Nominee for World Bank president Ajay Banga on Delhi visit

Nominee for World Bank president

In NEW DELHI: According to a press release from the US department of treasury’s office of public affairs, the Indian-American candidate for World Bank president, Ajay Banga, will travel to New Delhi on March 23 and 24, capping a three-week global listening tour that started in Africa and travelled to Europe, Latin America, and Asia.
Banga will meet with Prime Minister Narendra Modi, Finance Minister Nirmala Sitharaman, and External Affairs Minister Subrahmanyam Jaishankar while in India. The World Bank, India’s development priorities, and the difficulties facing world economic development will be the main topics of debate.
Banga will also stop by the Learnet Institute of Skills, a network of technical schools founded in partnership with the National Skills Development Corporation and partially supported by the World Bank. In order to better understand how the institute is enhancing the lives and economic opportunities of participants, particularly young people, Banga will learn about the institution’s curriculum and meet with participants, staff, alumni, and private sector partners.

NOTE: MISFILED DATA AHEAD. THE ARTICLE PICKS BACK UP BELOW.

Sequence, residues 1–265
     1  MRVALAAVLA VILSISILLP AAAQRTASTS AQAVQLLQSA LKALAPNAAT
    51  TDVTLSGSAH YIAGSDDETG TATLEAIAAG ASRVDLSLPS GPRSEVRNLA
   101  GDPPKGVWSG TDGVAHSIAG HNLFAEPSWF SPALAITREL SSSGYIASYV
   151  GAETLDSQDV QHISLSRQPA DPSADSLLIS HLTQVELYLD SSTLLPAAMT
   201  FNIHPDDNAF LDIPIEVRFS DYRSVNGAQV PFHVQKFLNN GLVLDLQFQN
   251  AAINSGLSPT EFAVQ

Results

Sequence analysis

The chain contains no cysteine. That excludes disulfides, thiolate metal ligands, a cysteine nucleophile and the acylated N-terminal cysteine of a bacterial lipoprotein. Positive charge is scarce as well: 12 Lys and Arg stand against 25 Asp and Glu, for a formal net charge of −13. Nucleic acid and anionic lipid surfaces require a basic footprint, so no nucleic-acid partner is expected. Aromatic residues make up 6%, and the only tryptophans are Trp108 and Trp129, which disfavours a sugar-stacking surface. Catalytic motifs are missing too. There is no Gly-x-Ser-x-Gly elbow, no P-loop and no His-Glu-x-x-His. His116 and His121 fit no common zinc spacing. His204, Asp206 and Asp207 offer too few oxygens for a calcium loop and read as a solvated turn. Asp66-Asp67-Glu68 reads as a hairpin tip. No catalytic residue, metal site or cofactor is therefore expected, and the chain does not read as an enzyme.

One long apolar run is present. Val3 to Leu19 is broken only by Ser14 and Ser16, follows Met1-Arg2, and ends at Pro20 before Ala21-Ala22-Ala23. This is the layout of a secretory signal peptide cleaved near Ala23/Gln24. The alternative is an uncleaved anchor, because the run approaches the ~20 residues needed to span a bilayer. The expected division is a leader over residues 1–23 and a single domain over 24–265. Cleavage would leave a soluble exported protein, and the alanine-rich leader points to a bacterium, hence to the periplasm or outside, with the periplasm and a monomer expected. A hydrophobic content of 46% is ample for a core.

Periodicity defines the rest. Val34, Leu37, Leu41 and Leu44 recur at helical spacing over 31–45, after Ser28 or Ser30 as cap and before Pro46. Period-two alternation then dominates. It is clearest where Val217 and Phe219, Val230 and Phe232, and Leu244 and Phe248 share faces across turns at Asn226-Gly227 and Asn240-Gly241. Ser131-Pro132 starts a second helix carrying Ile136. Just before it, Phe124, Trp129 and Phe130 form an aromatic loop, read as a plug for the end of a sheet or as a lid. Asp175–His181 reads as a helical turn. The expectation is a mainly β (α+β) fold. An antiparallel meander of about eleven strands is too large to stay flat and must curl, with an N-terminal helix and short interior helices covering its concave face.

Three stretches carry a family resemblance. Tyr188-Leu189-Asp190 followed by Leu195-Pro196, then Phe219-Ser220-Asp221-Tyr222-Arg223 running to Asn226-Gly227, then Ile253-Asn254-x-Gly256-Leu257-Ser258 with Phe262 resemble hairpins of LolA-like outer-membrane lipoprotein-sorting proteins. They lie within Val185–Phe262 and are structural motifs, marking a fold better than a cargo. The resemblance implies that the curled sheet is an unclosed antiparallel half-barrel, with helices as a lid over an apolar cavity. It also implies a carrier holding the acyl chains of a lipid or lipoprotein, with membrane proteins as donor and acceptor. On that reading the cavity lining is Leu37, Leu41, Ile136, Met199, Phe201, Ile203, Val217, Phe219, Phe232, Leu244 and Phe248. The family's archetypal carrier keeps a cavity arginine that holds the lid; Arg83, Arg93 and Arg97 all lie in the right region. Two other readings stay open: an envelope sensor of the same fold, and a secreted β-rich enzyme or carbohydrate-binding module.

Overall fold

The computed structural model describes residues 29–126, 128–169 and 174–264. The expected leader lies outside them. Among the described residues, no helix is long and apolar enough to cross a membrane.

Soon after Banga’s nomination was made public, the Indian government declared support for his candidature. Since then, a broad coalition of states, including Bangladesh, Côte d’Ivoire, Colombia, Egypt, France, Germany, Ghana, Italy, Japan, Kenya, Saudi Arabia, the Republic of Korea, and the United Kingdom, have indicated their support for Banga.

Banga has visited with senior government officials, stakeholders, business executives, entrepreneurs, and members of civil society during his global listening tour. He has steadily gained support for his campaign along the road from activists, academics, development specialists, business leaders, Nobel laureates, and previous government officials.

If elected, Banga would use his knowledge of creating public-private partnerships, as well as his experience living and working in emerging economies, to mobilise funds and take action to address persistent problems. That includes his work at Mastercard, where he was successful in bringing 50 million small companies online and bringing 500 million previously unbanked people into the digital economy.